But, she added, "I believe everyone should be exposed to theater ... and when there's a classic like Hello, Dolly!, you should take someone who hasn't seen theater before — take your grandchildren or your niece and nephew and come out and see a perfect piece of American classic theater, something you'll be talking about for years, and the songs you'll be humming [along]."

    The show has eight speaking roles and 26 people on stage. The production features John O'Creagh as Horace Vandergelder, Matt Wolfe as Cornelius Hackl, Lauren Blackman as Irene Molloy, Garett Hawe as Barnaby Tucker, Halle Morse as Minnie Fay, Brad Frenette as Ambrose Kemper, and Hilary Fingerman as Ermengarde.

    Struthers has a long and varied resume that includes the TV series 9 to 5 and her own show, Gloria; voicing Pebbles Flintstone on the Pebbles and Bam-Bam cartoon series, and TV movies, including Intimate Strangers, And Your Name is Jonah, and The Great Houdinis. Her films include Five Easy Pieces (1970) with Jack Nicholson, and The Getaway (1972) with Steve McQueen and Ali McGraw.

    Sally Struthers
    Sally Struthers

    Her philosophy of life can be summed up in one word: kindness. "Remembering to be kind, choosing to be kind, erring on the side of kindness. Finding something lovely to say about another human being and keeping your mouth shut if you can't think of anything."

    She has two joys, her daughter Sam (a clinical psychologist) and her "darling Scottish terrier," Bob.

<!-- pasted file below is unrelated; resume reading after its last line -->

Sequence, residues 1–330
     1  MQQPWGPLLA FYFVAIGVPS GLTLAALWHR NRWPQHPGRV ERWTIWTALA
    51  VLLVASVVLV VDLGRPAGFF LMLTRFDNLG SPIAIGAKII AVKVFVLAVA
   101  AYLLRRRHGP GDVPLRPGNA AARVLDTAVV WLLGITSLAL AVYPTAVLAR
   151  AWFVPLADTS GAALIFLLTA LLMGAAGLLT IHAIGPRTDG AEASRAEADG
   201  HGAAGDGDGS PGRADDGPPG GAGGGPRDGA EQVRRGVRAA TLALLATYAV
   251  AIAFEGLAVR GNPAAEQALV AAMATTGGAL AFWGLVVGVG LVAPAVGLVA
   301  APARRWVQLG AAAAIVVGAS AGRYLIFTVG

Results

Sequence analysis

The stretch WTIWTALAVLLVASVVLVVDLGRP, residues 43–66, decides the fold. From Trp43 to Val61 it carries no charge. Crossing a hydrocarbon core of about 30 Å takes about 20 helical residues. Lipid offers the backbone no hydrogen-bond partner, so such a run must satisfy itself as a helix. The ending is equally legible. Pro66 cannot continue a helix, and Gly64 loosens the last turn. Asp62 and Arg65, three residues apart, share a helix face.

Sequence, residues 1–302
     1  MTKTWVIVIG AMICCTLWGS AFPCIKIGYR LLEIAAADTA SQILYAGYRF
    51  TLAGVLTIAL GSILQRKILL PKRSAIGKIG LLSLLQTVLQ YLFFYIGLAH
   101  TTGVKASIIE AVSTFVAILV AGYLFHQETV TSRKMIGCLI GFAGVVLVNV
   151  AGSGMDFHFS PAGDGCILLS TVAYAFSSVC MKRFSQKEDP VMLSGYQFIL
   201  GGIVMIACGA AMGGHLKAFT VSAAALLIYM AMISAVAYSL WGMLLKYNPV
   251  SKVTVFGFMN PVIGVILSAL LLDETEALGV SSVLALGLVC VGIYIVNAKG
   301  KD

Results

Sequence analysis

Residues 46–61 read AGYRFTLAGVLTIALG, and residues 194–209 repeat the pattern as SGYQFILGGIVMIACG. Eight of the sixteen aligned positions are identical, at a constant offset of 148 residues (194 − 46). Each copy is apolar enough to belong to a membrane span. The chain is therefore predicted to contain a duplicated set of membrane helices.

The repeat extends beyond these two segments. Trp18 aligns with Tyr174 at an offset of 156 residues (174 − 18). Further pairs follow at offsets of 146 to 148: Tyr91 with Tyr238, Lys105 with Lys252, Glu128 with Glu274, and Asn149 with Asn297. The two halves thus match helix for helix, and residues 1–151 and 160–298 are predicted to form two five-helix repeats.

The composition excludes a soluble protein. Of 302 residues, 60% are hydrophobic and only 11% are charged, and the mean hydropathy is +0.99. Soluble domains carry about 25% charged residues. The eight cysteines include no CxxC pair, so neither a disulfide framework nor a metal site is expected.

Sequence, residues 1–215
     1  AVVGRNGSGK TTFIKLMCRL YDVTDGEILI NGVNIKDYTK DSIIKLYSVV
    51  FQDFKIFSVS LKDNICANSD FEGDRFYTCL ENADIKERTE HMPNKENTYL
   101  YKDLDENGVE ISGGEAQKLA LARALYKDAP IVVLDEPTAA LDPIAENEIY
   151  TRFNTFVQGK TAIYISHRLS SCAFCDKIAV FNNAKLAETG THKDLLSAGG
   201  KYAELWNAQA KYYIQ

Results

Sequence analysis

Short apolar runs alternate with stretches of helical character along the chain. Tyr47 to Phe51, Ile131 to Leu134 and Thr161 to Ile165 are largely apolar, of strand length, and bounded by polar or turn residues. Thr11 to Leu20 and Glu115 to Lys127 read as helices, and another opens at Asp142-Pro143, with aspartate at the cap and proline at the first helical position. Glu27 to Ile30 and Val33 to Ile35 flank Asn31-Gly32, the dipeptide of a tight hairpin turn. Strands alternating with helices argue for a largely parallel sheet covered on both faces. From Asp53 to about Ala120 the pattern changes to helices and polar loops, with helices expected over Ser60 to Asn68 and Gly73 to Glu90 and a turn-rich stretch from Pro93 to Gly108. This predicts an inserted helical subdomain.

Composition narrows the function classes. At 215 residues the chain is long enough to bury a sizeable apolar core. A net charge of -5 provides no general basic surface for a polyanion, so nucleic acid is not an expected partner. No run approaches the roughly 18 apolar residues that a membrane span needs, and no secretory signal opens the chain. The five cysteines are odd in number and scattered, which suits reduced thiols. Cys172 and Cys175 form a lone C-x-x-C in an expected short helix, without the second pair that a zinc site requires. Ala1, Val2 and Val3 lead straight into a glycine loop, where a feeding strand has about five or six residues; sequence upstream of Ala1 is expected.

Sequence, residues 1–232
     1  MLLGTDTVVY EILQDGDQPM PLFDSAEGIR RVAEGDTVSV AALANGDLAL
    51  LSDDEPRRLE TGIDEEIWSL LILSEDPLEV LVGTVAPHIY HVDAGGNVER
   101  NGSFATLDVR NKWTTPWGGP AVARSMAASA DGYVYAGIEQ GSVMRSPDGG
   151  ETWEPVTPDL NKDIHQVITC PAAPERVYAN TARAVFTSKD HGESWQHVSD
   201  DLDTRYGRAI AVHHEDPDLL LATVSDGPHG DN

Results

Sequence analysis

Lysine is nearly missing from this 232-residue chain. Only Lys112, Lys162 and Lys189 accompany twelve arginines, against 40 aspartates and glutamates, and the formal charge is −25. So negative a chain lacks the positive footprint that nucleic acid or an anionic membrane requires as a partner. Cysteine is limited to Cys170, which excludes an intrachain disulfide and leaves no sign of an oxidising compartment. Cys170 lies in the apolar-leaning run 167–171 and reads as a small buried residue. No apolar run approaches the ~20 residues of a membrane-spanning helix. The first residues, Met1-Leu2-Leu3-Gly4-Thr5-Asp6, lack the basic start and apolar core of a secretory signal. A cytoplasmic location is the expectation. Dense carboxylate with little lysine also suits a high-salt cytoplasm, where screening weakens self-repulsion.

Struthers has made her living doing comedy, but when it comes to TV her favorite shows are the dramas. She doesn't think there is any single successor to All In the Family.

    "I think in some ways, everything on TV right now exists because All In the Family broke down so many barriers. We were the first people that portrayed the bad side of human nature, and people flushing the toilet, and not having proper table manners, and arguing, and interracial things and talking about being gay ... it hadn't happened before. Television families had lived before in sweet little bubbles, and we made human beings appear with all their foibles, and in that way we were the precursor to everything you see now."

    Touring doesn't give her time to watch a lot of television, but, she said, "I love Breaking Bad, watched every episode, and was intrigued by how insane it was, it was delicious. And I love The Good Wife, and I love Boardwalk Empire, and Scandal."

    Performances of Hello, Dolly!, a Theater League presentation, are Oct. 24, 8 p.m.; Oct. 25, 8; Oct. 26, 2 and 8; Oct. 27, 2 and 7. Stranahan Theater, 4645 Heatherdowns Blvd. Tickets are $28 to $68, available online at, at the Stranahan Theater box office, or by calling 419-381-8851. The box office is open Monday through Friday 9 a.m. to 5 p.m. and on Saturdays from 9 a.m. to 1 p.m. Groups of 10 or more call 1-866-314-7687.

    Contact Sue Brickey at